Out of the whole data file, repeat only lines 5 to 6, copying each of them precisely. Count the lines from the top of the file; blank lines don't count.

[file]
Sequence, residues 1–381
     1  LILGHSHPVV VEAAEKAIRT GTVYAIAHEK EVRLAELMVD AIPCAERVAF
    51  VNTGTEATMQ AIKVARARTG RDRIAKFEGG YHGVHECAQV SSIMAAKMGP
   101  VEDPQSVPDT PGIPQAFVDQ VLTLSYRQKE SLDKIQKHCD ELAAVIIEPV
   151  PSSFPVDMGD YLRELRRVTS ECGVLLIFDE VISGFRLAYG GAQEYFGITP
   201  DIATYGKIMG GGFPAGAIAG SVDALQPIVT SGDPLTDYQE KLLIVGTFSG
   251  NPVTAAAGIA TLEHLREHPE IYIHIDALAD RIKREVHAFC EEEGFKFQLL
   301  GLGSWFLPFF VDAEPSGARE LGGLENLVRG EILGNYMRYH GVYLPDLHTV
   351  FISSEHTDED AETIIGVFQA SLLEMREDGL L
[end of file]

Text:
   151  PSSFPVDMGD YLRELRRVTS ECGVLLIFDE VISGFRLAYG GAQEYFGITP
   201  DIATYGKIMG GGFPAGAIAG SVDALQPIVT SGDPLTDYQE KLLIVGTFSG